For friends and family of people like me, I know it is difficult for them to know what to say and how to say it. At times I’m all about discussing hard facts, at other times if I’m feeling vulnerable and my nerves are stretched thin then I might not want to talk about it at all. Because I’m not always forthcoming about being in that vulnerable state they don’t always understand my silence and stammer around trying to figure out what to say. The interesting part is, I have found some people, very hesitant to ask how I am doing. In fact one person started to ask and then said that is a stupid question. I told him no it isn’t, in fact it is a good question because at least in my case now in the midst of surgeries people are not going to expect me to say “I’m fine.” or “I’m okay.” In fact, it is probably the one time if someone asks me that I know they want to know the truth and will listen. When people don’t ask me then I know it is because they don’t want to know or have problems handling the truth if I should not be okay or won’t know what to say. I try to be truthful but like my friends I also try to read between the lines as to how much information they can handle and sometimes I read them wrong and say too much or not enough.
I would rather in my life have people talk to me straight. If they don’t know what to say, then just say that to me, “Kate, I’m sorry for what you are going through, and I really don’t know what to say.” Then I can say, “That is okay.” and then ask them, “How much do you want to know or hear or see? I have no problem sharing everything if that is what you want to know.” Most people I know do not say this and so I’m left with not knowing what they want to know or see. I am hesitant to ask them because I don’t want them to feel pressured into thinking they have to listen or hear all about how horrible it all is.
There is something I have found interesting. Before my surgery, I had two friends, one I went to visit in Seattle. I had told her about the cancer, so I asked her one evening if she wanted to feel the lump. She without hesitation wanted to do so and did. My other friend came to stay with me for the surgery and I offered her the same and she also without hesitation felt the lump. She also was not hesitant about looking at the incision after the surgery. My other friend here when I asked if she wanted to see the incision was also not hesitant and later on asked to see it again to see how it was healing, especially the day I asked her to take me to the hospital emergency when I was having chills and hot flashes and the shakes this past weekend to make sure everything was okay. What was surprising was their lack of hesitation in experiencing everything. All three of these friends have been great. The first two are the ones I mentioned at the beginning of the post who question everything. The third is very good at listening and discussing how I’m feeling and the things the doctors want to do. She has very quickly become a very good and close friend. All three of these women are becoming more like family than my real family other than my daughter.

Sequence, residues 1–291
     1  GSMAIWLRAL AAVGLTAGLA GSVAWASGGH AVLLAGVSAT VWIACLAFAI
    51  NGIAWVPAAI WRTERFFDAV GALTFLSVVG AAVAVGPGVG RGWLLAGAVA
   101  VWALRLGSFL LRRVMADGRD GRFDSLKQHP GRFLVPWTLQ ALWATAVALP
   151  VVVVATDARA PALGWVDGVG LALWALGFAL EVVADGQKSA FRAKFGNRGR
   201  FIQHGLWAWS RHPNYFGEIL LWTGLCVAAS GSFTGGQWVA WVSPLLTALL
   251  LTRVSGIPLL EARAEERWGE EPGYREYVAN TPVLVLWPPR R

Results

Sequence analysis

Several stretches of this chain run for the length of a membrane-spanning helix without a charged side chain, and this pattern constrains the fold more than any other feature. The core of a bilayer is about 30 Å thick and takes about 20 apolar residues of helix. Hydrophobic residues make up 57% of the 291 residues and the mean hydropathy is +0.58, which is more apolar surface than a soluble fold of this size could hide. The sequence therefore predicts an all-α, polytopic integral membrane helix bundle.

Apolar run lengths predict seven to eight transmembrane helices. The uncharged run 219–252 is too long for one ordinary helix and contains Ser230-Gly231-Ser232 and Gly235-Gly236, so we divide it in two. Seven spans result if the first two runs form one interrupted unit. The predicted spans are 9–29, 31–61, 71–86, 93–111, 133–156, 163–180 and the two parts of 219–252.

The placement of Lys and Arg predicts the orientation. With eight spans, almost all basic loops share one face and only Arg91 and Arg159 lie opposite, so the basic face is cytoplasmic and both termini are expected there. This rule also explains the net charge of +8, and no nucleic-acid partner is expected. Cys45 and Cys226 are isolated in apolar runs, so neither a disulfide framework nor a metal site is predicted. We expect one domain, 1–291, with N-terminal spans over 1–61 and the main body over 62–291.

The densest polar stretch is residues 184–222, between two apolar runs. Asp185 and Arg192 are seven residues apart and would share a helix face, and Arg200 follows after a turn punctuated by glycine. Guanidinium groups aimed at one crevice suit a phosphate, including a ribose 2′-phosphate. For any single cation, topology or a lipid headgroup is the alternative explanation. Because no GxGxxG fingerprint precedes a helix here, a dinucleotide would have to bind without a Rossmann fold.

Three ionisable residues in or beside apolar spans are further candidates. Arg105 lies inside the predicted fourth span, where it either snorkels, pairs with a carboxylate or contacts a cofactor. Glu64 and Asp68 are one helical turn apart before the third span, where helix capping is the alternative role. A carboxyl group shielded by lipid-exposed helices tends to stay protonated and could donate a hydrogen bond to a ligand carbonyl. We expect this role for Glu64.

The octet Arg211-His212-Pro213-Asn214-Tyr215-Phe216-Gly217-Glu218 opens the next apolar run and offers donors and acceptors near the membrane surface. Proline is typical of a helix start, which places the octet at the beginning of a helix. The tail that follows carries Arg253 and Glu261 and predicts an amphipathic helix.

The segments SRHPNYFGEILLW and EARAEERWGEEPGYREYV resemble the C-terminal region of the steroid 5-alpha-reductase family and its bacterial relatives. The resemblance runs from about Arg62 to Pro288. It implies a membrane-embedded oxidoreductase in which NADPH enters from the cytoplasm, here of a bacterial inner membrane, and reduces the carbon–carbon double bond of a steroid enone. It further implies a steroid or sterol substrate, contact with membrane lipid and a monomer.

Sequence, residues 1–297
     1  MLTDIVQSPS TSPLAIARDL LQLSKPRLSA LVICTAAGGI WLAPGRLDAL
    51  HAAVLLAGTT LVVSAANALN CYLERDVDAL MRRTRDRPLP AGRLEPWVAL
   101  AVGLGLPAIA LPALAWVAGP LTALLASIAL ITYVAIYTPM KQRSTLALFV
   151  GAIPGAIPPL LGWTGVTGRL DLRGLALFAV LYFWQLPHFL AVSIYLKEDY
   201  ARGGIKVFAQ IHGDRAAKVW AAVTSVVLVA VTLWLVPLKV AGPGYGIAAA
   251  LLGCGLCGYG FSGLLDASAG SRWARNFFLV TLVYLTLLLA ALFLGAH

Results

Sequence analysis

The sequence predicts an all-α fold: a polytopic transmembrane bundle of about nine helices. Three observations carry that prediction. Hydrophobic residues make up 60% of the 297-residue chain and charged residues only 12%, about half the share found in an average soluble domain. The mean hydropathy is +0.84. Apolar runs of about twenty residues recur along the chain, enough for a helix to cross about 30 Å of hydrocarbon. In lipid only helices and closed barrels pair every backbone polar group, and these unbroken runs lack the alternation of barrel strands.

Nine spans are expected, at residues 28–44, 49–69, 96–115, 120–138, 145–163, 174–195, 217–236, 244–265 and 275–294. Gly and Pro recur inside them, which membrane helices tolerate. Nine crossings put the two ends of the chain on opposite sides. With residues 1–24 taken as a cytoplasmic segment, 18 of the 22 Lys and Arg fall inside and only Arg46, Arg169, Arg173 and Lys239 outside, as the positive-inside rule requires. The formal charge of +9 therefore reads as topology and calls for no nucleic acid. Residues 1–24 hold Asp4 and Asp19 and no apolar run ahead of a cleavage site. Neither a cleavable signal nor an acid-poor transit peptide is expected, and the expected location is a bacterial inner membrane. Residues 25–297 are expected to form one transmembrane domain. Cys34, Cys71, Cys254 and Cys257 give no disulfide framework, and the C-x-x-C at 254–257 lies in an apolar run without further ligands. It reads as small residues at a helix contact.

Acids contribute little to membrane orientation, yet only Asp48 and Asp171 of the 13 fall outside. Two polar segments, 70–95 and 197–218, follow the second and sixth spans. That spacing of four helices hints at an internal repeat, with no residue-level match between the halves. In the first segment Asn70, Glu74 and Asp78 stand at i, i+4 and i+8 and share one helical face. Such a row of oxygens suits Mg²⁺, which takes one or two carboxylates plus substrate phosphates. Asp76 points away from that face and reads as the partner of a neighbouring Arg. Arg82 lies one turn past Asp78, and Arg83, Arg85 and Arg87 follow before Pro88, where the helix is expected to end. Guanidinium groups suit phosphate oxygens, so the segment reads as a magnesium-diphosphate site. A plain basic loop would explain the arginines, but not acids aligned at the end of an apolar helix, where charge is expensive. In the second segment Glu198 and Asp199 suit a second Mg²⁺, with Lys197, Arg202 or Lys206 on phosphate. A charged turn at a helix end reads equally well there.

As I said everyone approaches the news of cancer differently. Some pull away, maybe not intentionally and may be the result of not knowing what to do and having problems handling the news themselves. Others because they just don’t want to face or be reminded of their own mortality and still others because they had to deal with cancer before and just can’t do it again. Then there are those who say they want to help but when asked find reasons not to do so and stay in the shadows off to the side. Then there are others who help in small ways. Then others who for some reason come through like heroes and before you know it you find a special friendship that you suddenly realize will last a lifetime no matter what happens.
I feel blessed today, because I have three such individuals in my life. All of them women who I would love to call my sisters. They are a joy to me and my daughter has also found a special connection with them as well.
I may have started out on this journey feeling very much alone but today I know I’m not alone and I’m building friendships and relationships that will last a lifetime not just for me but for my daughter as well. Though cancer has a dark side, there is also another side that if allowed becomes a rather amazing experience.